1984–85 Serie C2 Girone C (4) 34 9 18 7 35 28 36 6th Piero Maini 11
1983–84 Campionato Interregionale Girone D (5) 30 16 11 3 39 19 43 1st n/a
1982–83 Campionato Interregionale Girone D (5) 30 9 11 10 37 43 29 8th n/a
1980–81 Promozione Emilia Romagna Girone B (6) 26 16 9 1 39 16 41 1st

Honours[edit]

Winners: 2012–13
Winners: 2008

In Europe[edit]

Season Competition Round Club Home Away Agg. Ref.
2016–17 Europa League QR3 Switzerland Luzern 3–0 1–1 4–1 [45]
PO Serbia Red Star Belgrade 3–0 1–1 4–1
GS Spain Athletic Bilbao 3–0 2–3 4th out of 4
Belgium Genk 0–2 1–3
Austria Rapid Wien 2–2 1–1

References[edit]

  1. ^ "Mapei Stadium, c'è l'ok. La capienza sale a 24mila  – Sport – Gazzetta di Reggio". 11 September 2013.
  2. ^ "Storia". sassuolocalcio.it. Retrieved 5 December 2014.
  3. ^ Giovanardi, Rossi, Sassuolo nel pallone. Storia del calcio sassolese dalla Z alla... A, Edizioni Artestampa.
  4. ^ https://www.pianetagenoa1893.net/la-storia-del-genoa/mimmo-carratelli-racconta-la-finale-scudetto-col-savoia-del-1924/
  5. ^ "Non solo Sassuolo, quando la "provincia" arriva in Serie A". Sky Italia. 10 May 2013. Retrieved 6 December 2014.
  6. ^ "Sassuolo e Salernitana in serie B, promozione storica per gli emiliani" (in Italian). La Repubblica. 27 April 2008. Retrieved 27 April 2008.
  7. ^ "Sassuolo made to pay by Torino".
  8. ^ "Livorno ease to Sassuolo win".
  9. ^ "Perfect Napoli start over".
  10. ^ "Sassuolo hit back to hold Lazio".
  11. ^ "Sassuolo 2–1 Bologna: Neroverdi leapfrog Rossublu after home win".
  12. ^ "Berardi treble boosts Sassuolo".
  13. ^ "Berardi strike stuns Roma".
  14. ^ "Milan rocked by Sassuolo". Sky Sports News. 12 January 2014. Retrieved 30 May 2014.
  15. ^ "Calendario e Risultati – Stagione 2015–16 – 1^ Giornata – Lega Serie A". www.legaseriea.it.
  16. ^ "Calendario e Risultati – Stagione 2015–16 – 10^ Giornata – Lega Serie A". www.legaseriea.it.
  17. ^ "Calendario e Risultati – Stagione 2015–16 – 19^ Giornata – Lega Serie A". www.legaseriea.it.
  18. ^ "Sassuolo in the Europa League". Football Italia. 21 May 2016. Retrieved 21 May 2016.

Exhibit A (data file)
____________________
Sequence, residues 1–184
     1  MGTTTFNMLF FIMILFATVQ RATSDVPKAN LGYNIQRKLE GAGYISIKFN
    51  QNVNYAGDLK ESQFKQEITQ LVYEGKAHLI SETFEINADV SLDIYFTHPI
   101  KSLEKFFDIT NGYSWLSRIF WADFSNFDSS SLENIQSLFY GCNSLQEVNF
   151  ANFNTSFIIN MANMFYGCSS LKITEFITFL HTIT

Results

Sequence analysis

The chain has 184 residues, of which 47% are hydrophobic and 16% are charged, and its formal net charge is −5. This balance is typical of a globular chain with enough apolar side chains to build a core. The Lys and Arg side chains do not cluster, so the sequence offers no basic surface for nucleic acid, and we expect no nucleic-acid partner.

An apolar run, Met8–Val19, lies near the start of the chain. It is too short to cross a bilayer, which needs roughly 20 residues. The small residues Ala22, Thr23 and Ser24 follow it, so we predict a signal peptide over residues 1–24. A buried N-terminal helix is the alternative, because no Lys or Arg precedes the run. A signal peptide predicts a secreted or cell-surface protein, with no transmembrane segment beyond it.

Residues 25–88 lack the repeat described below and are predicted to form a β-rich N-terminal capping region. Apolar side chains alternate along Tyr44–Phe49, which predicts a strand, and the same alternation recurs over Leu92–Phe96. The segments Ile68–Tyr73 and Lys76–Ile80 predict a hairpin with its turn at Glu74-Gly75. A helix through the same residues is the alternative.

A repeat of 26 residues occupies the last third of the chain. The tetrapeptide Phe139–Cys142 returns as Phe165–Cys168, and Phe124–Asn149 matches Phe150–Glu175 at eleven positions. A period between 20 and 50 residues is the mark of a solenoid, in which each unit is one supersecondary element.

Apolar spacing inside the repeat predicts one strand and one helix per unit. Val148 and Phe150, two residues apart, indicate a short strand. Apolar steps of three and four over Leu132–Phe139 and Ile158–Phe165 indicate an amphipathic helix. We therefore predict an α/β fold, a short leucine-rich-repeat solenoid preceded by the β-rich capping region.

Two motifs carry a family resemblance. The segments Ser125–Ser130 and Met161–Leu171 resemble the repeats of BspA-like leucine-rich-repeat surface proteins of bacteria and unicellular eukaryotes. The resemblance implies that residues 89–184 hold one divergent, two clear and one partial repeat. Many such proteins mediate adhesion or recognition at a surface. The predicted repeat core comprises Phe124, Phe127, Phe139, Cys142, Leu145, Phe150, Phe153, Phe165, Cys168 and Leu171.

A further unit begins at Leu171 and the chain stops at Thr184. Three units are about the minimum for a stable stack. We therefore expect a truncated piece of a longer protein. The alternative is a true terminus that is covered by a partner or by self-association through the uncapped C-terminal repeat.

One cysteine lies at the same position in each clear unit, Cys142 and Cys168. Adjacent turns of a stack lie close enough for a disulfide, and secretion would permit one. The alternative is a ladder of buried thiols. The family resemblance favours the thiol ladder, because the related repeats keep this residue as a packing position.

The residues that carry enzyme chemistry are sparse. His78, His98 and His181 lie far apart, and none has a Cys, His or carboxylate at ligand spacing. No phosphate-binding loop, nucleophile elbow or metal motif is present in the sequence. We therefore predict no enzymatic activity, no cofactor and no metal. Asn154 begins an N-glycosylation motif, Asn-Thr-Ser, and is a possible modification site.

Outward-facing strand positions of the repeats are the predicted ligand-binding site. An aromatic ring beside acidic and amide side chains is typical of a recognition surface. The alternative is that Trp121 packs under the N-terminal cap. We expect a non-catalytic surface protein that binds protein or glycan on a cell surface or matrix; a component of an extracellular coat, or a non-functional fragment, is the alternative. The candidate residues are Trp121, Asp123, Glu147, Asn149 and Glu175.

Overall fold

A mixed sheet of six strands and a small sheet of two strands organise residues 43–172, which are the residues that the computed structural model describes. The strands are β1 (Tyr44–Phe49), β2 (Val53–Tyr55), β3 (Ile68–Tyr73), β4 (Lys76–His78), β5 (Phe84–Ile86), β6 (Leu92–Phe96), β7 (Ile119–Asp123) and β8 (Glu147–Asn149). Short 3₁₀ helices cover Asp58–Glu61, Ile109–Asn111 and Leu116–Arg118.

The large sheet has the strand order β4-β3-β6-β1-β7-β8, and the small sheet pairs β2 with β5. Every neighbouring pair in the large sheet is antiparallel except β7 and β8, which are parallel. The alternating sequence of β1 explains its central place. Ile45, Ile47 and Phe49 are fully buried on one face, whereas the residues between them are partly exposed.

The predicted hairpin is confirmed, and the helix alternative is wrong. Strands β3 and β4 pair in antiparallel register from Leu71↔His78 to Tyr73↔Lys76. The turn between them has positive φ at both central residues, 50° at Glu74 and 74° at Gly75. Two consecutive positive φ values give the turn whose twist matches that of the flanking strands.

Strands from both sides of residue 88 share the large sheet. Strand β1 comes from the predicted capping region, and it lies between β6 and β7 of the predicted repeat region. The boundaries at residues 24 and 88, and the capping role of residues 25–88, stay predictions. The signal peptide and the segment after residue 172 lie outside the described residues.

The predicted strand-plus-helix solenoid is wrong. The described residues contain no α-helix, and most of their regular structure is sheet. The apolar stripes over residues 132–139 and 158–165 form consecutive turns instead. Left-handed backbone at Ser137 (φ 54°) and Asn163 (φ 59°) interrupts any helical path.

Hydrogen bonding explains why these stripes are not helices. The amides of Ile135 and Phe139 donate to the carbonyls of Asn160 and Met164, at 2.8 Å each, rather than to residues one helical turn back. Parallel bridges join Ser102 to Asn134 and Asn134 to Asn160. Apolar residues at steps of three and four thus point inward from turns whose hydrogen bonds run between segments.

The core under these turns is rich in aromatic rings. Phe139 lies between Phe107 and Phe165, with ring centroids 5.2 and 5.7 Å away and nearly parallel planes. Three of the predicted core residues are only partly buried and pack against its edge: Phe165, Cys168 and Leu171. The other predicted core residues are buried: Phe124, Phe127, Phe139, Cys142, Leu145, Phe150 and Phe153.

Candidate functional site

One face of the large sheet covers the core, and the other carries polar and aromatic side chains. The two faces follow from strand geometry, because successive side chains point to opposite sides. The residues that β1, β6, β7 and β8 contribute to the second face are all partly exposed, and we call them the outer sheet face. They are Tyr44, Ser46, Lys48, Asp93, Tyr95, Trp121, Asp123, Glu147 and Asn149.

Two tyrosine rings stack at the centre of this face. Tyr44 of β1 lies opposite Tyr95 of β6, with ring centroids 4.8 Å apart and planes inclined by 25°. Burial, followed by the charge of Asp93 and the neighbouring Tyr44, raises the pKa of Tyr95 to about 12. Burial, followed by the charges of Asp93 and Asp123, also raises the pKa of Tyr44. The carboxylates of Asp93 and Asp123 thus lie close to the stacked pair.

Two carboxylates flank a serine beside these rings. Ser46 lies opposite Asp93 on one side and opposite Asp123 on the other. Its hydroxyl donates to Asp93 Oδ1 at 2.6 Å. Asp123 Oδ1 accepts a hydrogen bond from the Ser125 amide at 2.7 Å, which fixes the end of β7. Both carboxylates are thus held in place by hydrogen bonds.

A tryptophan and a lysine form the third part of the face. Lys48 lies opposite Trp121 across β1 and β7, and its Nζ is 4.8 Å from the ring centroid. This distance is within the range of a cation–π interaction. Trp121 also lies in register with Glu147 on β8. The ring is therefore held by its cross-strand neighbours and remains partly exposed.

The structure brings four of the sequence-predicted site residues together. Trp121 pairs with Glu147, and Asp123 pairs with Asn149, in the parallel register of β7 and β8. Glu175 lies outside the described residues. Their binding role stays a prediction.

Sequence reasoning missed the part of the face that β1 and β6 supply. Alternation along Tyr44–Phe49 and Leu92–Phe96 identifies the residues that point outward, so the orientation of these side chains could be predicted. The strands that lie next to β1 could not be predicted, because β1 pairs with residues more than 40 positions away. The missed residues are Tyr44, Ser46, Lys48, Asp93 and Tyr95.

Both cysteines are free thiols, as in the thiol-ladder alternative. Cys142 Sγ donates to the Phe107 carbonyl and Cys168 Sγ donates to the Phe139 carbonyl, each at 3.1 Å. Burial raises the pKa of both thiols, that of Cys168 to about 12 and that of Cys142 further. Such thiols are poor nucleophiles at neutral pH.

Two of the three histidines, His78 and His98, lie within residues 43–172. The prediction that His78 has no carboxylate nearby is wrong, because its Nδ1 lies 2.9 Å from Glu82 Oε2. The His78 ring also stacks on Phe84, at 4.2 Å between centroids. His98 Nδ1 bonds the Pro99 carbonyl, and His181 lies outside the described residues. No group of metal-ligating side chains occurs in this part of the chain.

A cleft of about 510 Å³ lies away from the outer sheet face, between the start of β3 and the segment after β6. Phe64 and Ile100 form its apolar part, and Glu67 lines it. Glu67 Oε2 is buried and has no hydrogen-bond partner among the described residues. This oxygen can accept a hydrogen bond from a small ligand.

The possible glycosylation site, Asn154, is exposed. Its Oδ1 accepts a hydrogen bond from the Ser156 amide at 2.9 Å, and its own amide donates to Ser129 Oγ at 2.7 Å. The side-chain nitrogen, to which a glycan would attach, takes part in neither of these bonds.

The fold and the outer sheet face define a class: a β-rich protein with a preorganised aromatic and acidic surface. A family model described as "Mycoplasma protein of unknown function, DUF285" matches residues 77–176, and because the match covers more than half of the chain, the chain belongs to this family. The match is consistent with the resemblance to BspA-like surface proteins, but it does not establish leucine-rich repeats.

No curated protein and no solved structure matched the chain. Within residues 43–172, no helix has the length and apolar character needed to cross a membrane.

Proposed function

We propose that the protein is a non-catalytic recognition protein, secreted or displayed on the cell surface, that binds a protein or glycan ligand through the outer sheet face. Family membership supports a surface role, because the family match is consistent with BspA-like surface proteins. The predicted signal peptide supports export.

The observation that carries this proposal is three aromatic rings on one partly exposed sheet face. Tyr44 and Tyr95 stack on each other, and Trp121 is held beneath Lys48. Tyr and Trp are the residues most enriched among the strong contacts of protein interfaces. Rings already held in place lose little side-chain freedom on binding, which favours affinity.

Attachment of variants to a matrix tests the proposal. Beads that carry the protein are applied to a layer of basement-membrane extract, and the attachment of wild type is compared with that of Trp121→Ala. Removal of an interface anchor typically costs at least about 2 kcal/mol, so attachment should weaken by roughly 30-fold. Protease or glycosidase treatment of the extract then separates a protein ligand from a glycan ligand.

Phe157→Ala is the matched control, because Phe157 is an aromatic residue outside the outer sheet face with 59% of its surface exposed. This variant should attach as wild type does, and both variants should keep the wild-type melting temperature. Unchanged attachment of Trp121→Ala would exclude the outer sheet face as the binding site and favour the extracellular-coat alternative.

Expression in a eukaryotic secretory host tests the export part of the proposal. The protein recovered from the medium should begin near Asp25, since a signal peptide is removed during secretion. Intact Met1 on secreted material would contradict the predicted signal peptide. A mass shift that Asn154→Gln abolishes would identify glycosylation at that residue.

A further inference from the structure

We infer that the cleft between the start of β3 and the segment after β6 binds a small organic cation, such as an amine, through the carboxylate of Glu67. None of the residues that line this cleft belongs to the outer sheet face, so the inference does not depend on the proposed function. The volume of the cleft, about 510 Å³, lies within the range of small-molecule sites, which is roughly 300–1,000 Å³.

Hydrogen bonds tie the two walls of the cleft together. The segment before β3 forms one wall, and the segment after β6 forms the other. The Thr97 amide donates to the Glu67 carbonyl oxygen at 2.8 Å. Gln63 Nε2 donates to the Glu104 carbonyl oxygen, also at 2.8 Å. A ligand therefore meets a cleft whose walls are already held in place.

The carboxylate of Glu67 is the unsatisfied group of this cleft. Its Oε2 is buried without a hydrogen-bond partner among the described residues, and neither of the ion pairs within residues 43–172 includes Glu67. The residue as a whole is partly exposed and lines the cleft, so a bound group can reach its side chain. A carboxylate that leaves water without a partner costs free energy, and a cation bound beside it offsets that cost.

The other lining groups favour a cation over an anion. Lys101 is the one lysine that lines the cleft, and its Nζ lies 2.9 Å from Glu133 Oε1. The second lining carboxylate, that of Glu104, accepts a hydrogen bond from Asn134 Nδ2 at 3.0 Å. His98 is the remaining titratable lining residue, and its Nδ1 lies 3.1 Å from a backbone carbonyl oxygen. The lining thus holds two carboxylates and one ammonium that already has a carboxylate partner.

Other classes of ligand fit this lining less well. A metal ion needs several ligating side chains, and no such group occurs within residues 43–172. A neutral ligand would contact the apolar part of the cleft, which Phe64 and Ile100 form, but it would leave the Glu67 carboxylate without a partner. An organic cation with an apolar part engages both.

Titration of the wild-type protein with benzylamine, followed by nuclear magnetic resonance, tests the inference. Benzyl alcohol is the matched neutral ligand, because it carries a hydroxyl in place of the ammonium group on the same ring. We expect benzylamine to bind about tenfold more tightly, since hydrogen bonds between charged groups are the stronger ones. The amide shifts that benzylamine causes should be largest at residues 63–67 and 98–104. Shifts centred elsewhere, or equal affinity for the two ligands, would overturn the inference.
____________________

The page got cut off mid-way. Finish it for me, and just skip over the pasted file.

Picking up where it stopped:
19. ^ "Sassuolo make it to Europa League group stage". Gazzetta World. 25 August 2016. Retrieved 26 August 2016.
  20. ^ "Most loyal players in Europe's top five leagues". Opera Football.
  21. ^ "Official: Sassuolo appoint Di Zerbi". Football Italia.
  22. ^ "Sassuolo's rise toward the top of Serie A under Roberto Di Zerbi". Last Word on Sports. 26 November 2020.
  23. ^ "Serie A 2019/20 top scorers". World Football.
  24. ^ "Serie A upstarts Sassuolo hand Napoli shock defeat". ESPN. 1 November 2020.
  25. ^ "Highlights: Sassuolo 2-0 Lazio". Football Italia. 24 May 2021.
  26. ^ "DOMENICO BERARDI: LEGENDARY STATUS AT SASSUOLO AND APPLAUSE FOR A CAREER WELL SPENT". Forza Italian Football. 19 April 2021. Retrieved 24 May 2021.
  27. ^ "Di Zerbi: 'I am leaving Sassuolo'". Football Italia. 16 May 2021.
  28. ^ "Euro 2020 final: England beaten by Italy on penalties". BBC Sport. 11 July 2021.
  29. ^ "Sito ufficiale US Sassuolo Calcio". 9 September 2012. Archived from the original on 9 September 2012.
  30. ^ "Town Gets Sassy About Serie A". The Wall Street Journal. 13 May 2013. Retrieved 4 September 2017.
  31. ^ "Archived copy". Archived from the original on 7 July 2013. Retrieved 4 July 2013.CS1 maint: archived copy as title (link)
  32. ^ 2015 Consolidated Financial Statements (PDF) (Report). Translated by anonymous. Mapei. 2016. Retrieved 30 May 2019.
  33. ^ "Sassuolo: Serie A alternative club guide". the Guardian. 2 March 2015. Retrieved 20 October 2021.
  34. ^ "Rosa Prima Squadra". www.sassuolocalcio.it/. U.S. Sassuolo Calcio. 6 July 2019. Retrieved 6 July 2019.
  35. ^ "Storia Della Serie B". Retrieved 3 August 2020. If not available in Wikipedia, the top goalscorer was found on this site for the Serie B seasons
  36. ^ "Archived copy". Archived from the original on 22 December 2012. Retrieved 16 June 2008.CS1 maint: archived copy as title (link) If not available in Wikipedia, the top goalscorer was found on this site for the Serie A seasons
  37. ^ Goals in all competitions (Serie A, Serie B or Serie C, Coppa Italia, European tournaments and Supercoppa Italiana) are counted.
  38. ^ Lost 2–3 on aggregate to Sampdoria in the semi-final play-off for promotion to 2012–13 Serie A
  39. ^ Lost 2–3 on aggregate to Torino in the semi-final play-off for promotion to 2010–11 Serie A
  40. ^ Lost 3–4 on aggregate to Monza in the semi-final play-off for promotion to 2007–08 Serie B
  41. ^ Lost 1–2 on aggregate to Pizzighettone in the semi-final play-off for promotion to 2005–06 Serie C1
  42. ^ Won 3–2 on aggregate to Pro Vercelli in the semi-final play-off for relegation to 2004–05 Serie D
  43. ^ Lost 2–4 on aggregate to Imolese in the semi-final play-off for relegation to 2003–04 Serie D, but could stay in Serie C2 because 5 other teams had been relegated due to different reasons
  44. ^ Won 1–0 on aggregate to Faenza in the play-off for relegation to 2002–03 Serie D
  45. ^ "UEFA European Competitions 2016–17". RSSSF. Retrieved 28 August 2017.

External links[edit]